"The groundwork of all happiness is health." - Leigh Hunt

Positive views on aging are good for memory recovery

April 13, 2023 – Older individuals with mild cognitive impairment (MCI) usually tend to regain functioning after they are satisfied with aging than individuals who have negative feelings about it, in response to a brand new study from the Yale School of Public Health.

MCI is a standard type of memory loss. A positive attitude toward aging gives older people a 30% higher likelihood of regaining normal pondering.

“The researchers also found that these positive beliefs enabled participants to regain their cognitive abilities up to two years earlier than those with negative age beliefs,” News from Neuroscience reported. “This cognitive recovery benefit was observed regardless of the severity of mild cognitive impairment.”

More than 1,700 people over 65 years of age took part within the study, which was published in JAMA network opened.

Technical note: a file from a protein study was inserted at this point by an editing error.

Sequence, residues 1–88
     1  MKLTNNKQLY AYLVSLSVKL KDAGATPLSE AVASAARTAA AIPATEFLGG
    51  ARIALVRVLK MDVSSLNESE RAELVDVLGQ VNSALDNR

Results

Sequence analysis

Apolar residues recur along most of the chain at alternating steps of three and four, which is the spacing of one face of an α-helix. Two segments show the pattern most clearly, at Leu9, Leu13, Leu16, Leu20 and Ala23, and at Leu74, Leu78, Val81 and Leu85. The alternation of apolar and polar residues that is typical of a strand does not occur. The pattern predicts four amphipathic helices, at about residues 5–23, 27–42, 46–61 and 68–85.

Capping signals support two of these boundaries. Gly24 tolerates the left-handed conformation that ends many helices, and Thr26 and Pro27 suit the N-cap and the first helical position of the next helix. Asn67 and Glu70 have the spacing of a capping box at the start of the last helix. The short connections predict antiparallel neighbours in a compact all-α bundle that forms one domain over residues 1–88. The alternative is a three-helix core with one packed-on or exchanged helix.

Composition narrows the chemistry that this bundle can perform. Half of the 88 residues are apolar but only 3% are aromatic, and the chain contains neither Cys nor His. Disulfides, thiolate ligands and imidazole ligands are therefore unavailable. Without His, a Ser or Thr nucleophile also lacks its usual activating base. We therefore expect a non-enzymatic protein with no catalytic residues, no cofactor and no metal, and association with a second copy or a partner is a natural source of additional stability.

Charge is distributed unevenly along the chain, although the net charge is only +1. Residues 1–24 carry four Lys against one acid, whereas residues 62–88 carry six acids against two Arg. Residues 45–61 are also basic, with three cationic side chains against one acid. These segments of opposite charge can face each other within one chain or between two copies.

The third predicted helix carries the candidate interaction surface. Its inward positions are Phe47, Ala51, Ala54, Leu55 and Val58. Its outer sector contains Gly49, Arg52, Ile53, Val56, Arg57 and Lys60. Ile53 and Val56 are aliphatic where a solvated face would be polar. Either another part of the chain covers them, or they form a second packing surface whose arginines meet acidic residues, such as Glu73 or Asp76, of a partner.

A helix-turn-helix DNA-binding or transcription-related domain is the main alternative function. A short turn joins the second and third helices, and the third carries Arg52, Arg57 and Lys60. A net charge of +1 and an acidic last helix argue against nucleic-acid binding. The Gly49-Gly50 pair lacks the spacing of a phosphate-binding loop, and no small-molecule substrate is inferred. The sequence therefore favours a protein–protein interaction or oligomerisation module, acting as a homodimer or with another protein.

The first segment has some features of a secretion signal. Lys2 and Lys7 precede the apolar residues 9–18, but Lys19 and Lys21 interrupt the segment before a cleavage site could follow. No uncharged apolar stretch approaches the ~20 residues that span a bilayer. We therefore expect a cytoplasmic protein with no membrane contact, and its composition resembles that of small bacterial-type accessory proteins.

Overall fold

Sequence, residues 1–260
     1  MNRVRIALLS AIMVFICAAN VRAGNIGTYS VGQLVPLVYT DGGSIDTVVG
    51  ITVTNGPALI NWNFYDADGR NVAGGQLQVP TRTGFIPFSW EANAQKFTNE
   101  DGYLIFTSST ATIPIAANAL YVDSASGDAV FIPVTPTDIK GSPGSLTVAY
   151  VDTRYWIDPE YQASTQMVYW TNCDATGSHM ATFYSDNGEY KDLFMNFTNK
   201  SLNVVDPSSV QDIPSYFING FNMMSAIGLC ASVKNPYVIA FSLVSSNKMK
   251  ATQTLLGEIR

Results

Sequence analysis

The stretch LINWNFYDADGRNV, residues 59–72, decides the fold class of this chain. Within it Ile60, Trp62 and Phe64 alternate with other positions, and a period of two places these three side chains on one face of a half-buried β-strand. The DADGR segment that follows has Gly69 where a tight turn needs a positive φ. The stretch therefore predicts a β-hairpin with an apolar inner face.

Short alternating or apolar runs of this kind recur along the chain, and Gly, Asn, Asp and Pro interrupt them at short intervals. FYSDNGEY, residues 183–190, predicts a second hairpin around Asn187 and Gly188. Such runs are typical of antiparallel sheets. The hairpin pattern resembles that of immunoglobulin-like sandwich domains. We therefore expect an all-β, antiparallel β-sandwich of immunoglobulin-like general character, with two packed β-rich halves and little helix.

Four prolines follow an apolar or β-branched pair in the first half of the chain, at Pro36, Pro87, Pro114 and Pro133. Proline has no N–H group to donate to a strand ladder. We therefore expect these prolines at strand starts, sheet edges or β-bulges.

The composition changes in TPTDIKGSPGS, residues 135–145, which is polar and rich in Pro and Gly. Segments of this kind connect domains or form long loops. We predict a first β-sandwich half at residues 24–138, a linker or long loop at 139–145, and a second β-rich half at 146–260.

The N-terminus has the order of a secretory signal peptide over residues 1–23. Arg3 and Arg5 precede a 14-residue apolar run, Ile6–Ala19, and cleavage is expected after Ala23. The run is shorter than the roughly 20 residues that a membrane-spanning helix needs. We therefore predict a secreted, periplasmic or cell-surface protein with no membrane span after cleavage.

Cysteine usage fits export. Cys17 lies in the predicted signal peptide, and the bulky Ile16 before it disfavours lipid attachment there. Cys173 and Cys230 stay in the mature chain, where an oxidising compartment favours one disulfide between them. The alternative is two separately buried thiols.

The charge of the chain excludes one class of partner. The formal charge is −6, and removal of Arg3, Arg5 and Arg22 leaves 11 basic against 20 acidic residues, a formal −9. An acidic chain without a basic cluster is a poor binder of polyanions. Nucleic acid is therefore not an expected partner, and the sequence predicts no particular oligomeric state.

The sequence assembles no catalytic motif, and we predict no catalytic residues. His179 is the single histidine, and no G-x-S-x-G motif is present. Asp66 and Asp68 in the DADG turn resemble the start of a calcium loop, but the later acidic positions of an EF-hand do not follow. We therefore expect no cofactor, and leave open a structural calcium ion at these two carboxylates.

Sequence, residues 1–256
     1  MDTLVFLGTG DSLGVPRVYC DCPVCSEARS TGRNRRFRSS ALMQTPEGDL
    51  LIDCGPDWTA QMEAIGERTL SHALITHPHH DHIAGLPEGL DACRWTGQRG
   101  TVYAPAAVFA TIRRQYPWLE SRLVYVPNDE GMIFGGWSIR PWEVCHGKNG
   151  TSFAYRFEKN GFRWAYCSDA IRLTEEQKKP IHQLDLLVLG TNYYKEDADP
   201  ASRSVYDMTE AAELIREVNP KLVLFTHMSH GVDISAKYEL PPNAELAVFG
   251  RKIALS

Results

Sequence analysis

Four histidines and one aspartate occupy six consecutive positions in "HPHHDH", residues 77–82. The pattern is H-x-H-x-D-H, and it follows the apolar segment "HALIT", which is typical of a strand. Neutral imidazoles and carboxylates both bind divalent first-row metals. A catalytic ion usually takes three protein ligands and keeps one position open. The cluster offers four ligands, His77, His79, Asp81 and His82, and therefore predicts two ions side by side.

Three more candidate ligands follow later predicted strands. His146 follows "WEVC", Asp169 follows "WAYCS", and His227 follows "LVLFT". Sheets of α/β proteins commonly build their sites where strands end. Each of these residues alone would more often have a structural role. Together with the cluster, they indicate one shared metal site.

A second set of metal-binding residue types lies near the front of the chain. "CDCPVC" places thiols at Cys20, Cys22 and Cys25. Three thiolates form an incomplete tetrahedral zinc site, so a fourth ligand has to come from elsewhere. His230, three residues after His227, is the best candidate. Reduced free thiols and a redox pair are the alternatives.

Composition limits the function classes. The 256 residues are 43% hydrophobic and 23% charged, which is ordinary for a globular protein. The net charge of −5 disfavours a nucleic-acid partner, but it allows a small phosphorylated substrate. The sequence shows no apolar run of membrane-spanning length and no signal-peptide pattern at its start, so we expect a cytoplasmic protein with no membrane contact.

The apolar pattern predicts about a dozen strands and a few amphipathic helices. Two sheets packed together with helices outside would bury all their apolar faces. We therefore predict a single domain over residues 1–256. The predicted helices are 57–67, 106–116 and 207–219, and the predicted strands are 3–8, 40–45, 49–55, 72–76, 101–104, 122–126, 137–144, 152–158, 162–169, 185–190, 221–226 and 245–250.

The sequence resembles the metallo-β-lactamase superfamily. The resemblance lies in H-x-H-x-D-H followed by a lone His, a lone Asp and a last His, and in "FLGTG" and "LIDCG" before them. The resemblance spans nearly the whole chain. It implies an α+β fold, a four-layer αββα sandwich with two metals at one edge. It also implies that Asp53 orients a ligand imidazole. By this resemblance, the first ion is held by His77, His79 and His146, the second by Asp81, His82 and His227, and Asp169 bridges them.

“In previous experimental studies with older people, positive age beliefs reduced stress caused by cognitive challenges, increased confidence in cognitive abilities, and improved cognitive performance,” the study authors wrote. “We therefore hypothesized that older people with positive age beliefs would be more likely to recover from MCI and would do so more quickly than those with negative age beliefs.”

Becca Levy, professor of public health and psychology and lead writer of the study, told Neuroscience News: “Most people assume there is no cure for MCI, but in fact half of those affected recover. Little is known about why some recover and others do not, so we looked at positive aging beliefs to see if they could help find an answer.”

“Older people in the group with positive age beliefs who began the study with normal cognitive abilities were less likely to develop mild cognitive impairment over the next 12 years than people in the group with negative age beliefs, regardless of their baseline age and physical health,” Neuroscience News reported.

“Given that positive aging beliefs can be strengthened, our findings suggest that interventions to address age-related beliefs at the individual and societal levels could increase the number of people experiencing cognitive recovery,” the study said.